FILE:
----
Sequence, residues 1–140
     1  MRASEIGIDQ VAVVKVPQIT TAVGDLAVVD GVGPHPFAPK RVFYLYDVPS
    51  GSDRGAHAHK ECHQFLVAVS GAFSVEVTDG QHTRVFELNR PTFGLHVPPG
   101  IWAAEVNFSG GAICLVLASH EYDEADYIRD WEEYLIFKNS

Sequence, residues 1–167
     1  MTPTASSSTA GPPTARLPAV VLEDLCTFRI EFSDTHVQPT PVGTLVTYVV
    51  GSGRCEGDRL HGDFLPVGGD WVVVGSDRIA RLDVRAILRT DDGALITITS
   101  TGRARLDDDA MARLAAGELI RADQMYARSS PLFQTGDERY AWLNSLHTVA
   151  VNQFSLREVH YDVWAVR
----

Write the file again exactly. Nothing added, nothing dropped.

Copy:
Sequence, residues 1–140
     1  MRASEIGIDQ VAVVKVPQIT TAVGDLAVVD GVGPHPFAPK RVFYLYDVPS
    51  GSDRGAHAHK ECHQFLVAVS GAFSVEVTDG QHTRVFELNR PTFGLHVPPG
   101  IWAAEVNFSG GAICLVLASH EYDEADYIRD WEEYLIFKNS

Sequence, residues 1–167
     1  MTPTASSSTA GPPTARLPAV VLEDLCTFRI EFSDTHVQPT PVGTLVTYVV
    51  GSGRCEGDRL HGDFLPVGGD WVVVGSDRIA RLDVRAILRT DDGALITITS
   101  TGRARLDDDA MARLAAGELI RADQMYARSS PLFQTGDERY AWLNSLHTVA
   151  VNQFSLREVH YDVWAVR